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it is not improbable that his death arose from accident. There are a number of tenter hooks fastened to the railing which surrounds the pond, into which he might have fallen, and in getting out injured his hands and torn his clothes.”


P. M.

A Medallion Case rewarded by the Royal Humane

Society, as per their Report in April 1837. An officer belonging to H. M.schooner Pickle, in Feb. 1835, jumped overboard in a fit of insanity at Bermuda, at 10

Mr. F. W. Mant, midshipman, instantly jumped after him, and after a great struggle, a long swim, and a deep dive, he rescued him. He was a strong man, perfectly deranged at the time; and not only dived twice, but drew Mr. Mant down with him.—Another letter states, “ That Mr. Mant was just recovering from a sprained ankle, being the only ill effect of a subsequent heroic adventure, wherein he again boldly hazarded his life to save two seamen from drowning. On the 24th March, 1836, on returning on board the Cassador (prize to the Water Witch) at Sierra Leone, a severe tornado came on, and capsized the boat at the moment when the men were mooring her astern. The night was awful; and finding the

poor fellows could swim but little, Mr. Mant took the log-line in his hand, and plunged overboard to their relief. With much difficulty he succeeded in supporting the worst of them, and encouraged the other to keep his spirits up. They were, however, ten minutes in the water before the tempest would allow their voices to be heard. The sea, it appears, was too much disturbed to allow the sharks to see them. At last, and at the moment when their strength was giving way, they heard voices and oars; but it was too dark to distinguish any thing. A large dark object passed over Mr. Mant, which he thought was an alligator, but it turned out to be the galley upon her first reaching them. They were insensible when taken out of the water, and some time elapsed before their recovery.

Certified by CHARLES GAZELEE. The Honorary Medallion of the Royal Humane Society was presented to Mr. Mant for courage and humanity in



Another Medallion Case rewarded by the Royal Humane

Society in April 1837.-( Case 12,992.) On the Magicienne carrying away her jib-boom in a heavy squall, off Cascars, on the 8th September, 1836, when on her

way into the Tagus, three men fell overboard. Mr. William Hugh Dobbie, mate, at the greatest risk, and with the utmost gallantry and promptitude, instantly jumped overboard to their relief, the ship at the time going above nine knots, and was of great assistance in enabling them to reach the life-buoy.

Certified by the signature of
G. W. Sr. John MILDMAY, Captain.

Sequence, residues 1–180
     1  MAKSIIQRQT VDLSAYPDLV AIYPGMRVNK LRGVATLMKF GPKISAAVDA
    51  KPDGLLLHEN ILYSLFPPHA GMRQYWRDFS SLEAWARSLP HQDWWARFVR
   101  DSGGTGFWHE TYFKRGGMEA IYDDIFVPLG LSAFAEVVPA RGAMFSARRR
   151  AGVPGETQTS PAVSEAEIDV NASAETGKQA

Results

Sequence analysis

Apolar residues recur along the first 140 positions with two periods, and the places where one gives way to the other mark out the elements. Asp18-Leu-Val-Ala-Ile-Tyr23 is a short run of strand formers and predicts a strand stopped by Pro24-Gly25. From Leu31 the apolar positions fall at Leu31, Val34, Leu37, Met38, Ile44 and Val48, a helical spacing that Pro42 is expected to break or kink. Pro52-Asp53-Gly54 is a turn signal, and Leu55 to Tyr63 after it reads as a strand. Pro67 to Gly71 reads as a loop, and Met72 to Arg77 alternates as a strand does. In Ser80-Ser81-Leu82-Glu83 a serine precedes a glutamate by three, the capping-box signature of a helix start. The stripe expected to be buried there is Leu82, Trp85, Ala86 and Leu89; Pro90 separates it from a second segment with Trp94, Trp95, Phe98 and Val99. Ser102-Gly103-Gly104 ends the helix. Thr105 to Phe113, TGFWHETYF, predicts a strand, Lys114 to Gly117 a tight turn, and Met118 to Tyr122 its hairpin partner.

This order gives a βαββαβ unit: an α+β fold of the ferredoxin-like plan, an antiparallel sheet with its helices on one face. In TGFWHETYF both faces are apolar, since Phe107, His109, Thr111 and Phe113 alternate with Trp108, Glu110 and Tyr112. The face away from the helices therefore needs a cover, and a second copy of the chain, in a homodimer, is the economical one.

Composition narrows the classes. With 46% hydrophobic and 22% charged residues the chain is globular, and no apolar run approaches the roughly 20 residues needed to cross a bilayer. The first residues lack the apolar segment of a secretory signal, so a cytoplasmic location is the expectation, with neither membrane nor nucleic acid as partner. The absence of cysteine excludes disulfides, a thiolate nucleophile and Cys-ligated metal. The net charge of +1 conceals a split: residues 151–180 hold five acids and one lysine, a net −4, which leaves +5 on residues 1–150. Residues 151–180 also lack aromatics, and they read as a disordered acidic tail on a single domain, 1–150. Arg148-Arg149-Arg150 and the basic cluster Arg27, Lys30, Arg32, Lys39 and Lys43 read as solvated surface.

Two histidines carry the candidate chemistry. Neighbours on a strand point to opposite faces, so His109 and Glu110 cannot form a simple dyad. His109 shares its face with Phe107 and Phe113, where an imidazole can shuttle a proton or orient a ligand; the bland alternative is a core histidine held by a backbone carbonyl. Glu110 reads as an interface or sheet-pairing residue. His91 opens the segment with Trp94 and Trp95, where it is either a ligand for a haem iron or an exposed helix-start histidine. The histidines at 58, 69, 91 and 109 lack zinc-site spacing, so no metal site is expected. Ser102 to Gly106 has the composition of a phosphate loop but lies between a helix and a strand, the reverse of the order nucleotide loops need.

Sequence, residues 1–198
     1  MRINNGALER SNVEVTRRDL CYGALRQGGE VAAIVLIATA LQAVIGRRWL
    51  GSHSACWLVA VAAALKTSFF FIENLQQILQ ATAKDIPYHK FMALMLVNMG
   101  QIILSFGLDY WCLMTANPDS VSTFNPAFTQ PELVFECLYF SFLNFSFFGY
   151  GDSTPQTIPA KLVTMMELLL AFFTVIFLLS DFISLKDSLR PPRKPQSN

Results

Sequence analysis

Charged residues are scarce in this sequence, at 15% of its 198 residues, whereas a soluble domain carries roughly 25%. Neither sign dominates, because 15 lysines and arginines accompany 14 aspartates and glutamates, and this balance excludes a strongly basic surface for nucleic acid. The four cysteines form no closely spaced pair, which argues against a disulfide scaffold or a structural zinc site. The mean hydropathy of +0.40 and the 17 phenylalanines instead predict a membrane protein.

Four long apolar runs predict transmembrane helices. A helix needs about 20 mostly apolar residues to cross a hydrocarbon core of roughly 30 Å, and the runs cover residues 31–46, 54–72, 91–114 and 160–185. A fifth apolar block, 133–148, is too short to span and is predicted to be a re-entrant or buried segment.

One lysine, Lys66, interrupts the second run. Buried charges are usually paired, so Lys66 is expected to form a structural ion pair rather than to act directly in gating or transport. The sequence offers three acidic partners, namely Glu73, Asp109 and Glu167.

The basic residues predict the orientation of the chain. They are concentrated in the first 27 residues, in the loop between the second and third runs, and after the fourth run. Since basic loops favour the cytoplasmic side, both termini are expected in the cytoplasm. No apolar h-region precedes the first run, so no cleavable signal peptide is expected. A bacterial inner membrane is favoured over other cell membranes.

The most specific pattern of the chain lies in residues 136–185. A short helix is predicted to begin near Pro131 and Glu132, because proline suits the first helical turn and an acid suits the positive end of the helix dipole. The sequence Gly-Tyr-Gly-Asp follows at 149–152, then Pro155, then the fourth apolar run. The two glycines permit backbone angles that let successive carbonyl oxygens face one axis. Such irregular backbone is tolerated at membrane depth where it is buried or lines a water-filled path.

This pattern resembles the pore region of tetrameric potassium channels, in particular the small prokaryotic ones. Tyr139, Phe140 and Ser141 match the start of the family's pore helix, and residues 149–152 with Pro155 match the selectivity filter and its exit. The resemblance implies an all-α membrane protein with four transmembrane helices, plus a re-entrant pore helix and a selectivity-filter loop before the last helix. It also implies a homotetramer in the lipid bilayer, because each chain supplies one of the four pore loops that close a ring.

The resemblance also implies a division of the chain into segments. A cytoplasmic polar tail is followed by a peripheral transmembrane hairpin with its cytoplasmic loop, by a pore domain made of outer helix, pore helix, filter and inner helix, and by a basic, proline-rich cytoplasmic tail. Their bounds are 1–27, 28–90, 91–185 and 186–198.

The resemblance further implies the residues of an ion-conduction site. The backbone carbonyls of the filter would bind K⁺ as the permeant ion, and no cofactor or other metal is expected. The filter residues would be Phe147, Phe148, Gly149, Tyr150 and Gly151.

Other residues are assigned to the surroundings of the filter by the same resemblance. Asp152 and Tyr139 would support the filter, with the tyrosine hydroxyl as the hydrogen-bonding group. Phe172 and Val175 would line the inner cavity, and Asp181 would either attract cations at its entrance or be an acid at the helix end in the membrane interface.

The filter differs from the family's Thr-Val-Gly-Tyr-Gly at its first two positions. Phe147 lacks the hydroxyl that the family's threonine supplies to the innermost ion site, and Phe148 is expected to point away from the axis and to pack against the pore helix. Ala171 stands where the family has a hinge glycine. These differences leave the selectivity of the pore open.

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Mr. Editor,— Your useful publication ought to have on its pages the following record to the honour of the officers of the royal navy, in the testimony of the worthy Captain Brenton. He deserves the thanks of the whole community for his unwearied efforts to benefit the outcasts of British youth by “ The Children's Friend Society,” of which he is the founder. Your readers will, I think, be pleased with what he has said and has written about sailors; and I copy it from a publication now before me, in the hope that by its appearance in the Pilot, it may be productive of some good effect for sailors, on those who shall peruse it. He

says, Nelson gained his honour by the seamen: to such men England owes her safety ; to such men I owe my rank in the service; and shall I not be grateful, and serve them and theirs as much as in me lies ? No ridicule --no contempt no frowns-no threats, shall ever deter me from my fixed purpose. But I will not ask to do away with impressment, or with punishment, until I have provided a sure remedy for both.” (He is

riting of the improvement by the education of the poor.) He adds—“ Ladies and gentlemen may pack up their travelling-carriages, and set off for the Continent, to feed, with the produce of British labour, the peasantry of foreign countries, while their own are starving at home. Distillers and gin sellers may erect their palaces, and emblazon their houses with gas-lamps of Royal pattern, while they, like Circe, turn men into beasts. The New Beer Act may fill our highways with riot, and consign the peasantry to destruction : all these things may exist for a time, but the day of reckoning must come; and if they are not amended, the fate of Britain is as certain, and will be as terrible and as exemplary, as was that of Nineveh, of Palmyra, of Babylon, of Jerusalem.” – Yours,

Ratcliffe, April 5, 1837. A CONSTANT RFADER.

American Chronicle. LISBON, OPORTO, AND CADIZ, FIELDS FOR OPERATION IN THE SEAMEN'S CAUSE. From one who has recently visited Spain and Portugal. “ Ar Lisbon we have but little commerce, much less than at Oporto. _At each place there is a clergyman of the Church of England, and Mr. W., of Oporto, is actively engaged in promoting the interest of the British and Foreign Bible Society. How he is affected as to the seamen's cause, and what can be done for them there, I hope soon to learn. Our Consul at Cadiz informs me, that in the year 1834, there arrived at that port 71 vessels from the United States, carrying 20,630 tons, and having on board 941 seamen. The number of vessels during the same year was 240, of 31,899 tons, and sailed by 1,968